One of those teens was Phillip Alpert of Orlando, Fla. At 3:28 in the morning after an argument with his 16-year-old girlfriend, Phillip, who had just turned 18, sent a semi-nude image of the girlfriend to her contact list. Her parents reported his actions to the police, who descended on his house with a search warrant.
Phillip faced 72 charges of various sorts, including the possession and distribution of child pornography. He was kicked out of school and, after pleading guilty, placed on probation for three years.
Most troubling of all, he’ll be listed as a sex offender until he’s 43. In Florida, that means he must tell the state when and where he moves; he can’t live near any schools, parks or playgrounds; and his offender’s status will show up on any Internet search of his name.
Initial reports, from Massachusetts State Police, were that gangs had used Facebook to organize violent gatherings. Then, on Tuesday, Boston’s police commissioner said whatever fights that did break out didn't seem to have anything to do with gangs. And finally state police started backpedalling their gang violence theory.
Regardless, media outlets were all atwitter with the social media, “gang warfare” angle — underscoring how sensational media memes can overwhelm any attempt by the public to understand the dynamics of teen violence.
Reports that gangs had something to do with holiday weekend problems at Carson Beach in South Boston first came Monday night from the state police, who have jurisdiction over the beaches even though city police patrol other parts of the city.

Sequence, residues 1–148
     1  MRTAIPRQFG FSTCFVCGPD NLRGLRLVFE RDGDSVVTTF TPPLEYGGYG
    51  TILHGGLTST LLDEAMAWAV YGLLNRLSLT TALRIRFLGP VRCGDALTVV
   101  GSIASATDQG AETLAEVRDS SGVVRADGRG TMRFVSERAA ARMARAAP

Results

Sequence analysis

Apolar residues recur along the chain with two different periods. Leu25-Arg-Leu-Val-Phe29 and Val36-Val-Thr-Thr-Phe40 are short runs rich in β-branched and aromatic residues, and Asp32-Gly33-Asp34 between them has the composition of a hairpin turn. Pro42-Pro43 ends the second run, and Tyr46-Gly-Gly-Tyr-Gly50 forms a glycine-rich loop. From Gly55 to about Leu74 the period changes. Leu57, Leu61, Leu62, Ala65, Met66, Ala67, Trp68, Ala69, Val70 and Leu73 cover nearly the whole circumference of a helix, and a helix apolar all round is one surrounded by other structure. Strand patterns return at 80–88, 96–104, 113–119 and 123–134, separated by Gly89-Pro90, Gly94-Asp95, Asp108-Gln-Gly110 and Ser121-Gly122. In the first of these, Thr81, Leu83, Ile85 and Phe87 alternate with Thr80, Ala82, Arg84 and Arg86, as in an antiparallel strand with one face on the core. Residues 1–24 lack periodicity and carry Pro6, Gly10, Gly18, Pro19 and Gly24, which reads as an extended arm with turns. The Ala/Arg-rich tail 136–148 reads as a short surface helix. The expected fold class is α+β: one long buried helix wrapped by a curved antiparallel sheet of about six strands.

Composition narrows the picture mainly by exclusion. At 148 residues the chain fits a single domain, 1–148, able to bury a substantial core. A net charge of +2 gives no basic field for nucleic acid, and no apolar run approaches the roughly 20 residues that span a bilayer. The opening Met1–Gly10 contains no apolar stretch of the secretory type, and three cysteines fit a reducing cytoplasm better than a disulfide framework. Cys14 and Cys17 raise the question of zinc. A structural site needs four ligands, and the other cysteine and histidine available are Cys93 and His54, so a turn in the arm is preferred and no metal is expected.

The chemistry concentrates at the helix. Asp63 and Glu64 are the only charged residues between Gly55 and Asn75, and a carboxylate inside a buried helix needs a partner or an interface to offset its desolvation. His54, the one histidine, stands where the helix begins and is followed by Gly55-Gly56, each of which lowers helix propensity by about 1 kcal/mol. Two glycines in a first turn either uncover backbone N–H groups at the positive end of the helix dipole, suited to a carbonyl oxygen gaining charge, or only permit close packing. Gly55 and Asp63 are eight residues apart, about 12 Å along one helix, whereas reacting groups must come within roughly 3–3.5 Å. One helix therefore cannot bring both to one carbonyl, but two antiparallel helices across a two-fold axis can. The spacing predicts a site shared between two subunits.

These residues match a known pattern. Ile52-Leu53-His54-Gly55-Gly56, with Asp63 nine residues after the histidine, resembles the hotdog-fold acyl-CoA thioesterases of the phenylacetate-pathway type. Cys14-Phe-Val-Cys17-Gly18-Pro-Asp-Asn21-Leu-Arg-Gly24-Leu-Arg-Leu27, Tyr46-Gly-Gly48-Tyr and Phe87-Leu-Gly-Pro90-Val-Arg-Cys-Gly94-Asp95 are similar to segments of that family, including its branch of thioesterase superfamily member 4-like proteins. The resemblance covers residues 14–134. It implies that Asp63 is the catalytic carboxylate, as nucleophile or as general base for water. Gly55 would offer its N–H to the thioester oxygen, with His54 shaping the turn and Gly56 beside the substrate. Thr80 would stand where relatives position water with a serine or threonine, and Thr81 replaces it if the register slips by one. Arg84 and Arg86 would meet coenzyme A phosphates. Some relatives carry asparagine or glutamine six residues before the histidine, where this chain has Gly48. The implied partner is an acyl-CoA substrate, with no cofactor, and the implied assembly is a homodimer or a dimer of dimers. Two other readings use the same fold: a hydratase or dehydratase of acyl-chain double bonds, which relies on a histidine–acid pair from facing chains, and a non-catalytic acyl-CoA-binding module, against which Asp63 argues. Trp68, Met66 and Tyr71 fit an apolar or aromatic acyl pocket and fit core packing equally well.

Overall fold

“Police said the gang members are part of a group of more than 1,000 youths who have used social media sites like Facebook to plan unruly gatherings on the beach on three of the past four nights,” the Boston Globe reported.
The state police already were being criticized for the way they’d handled the weekend incidents, in particular that they dispersed crowds that allegedly had nothing to do with the fighting. “The dispersal,” the Globe reported, “caused some tense moments between those not involved with the youths and police, who formed a line to herd the crowd south, down William J. Day Boulevard. Some jostled and argued with officers.”
Pretty soon, it seemed as if every website in New England was blaming gangs and social media for the fighting. And even as the counter-story came out — that there was little or no evidence of gang involvement — the gang angle dominated the Internet.
“Teen gangs descend on Boston,” blared one headline in a national parenting magazine.
In an article headlined “Gang wars break out on Memorial Day,” London’s Daily Mail managed to confuse the number of teenagers allegedly present with the number of combatants: “More than 1,000 youths from rival gangs clashed at Carson Beach, Boston.”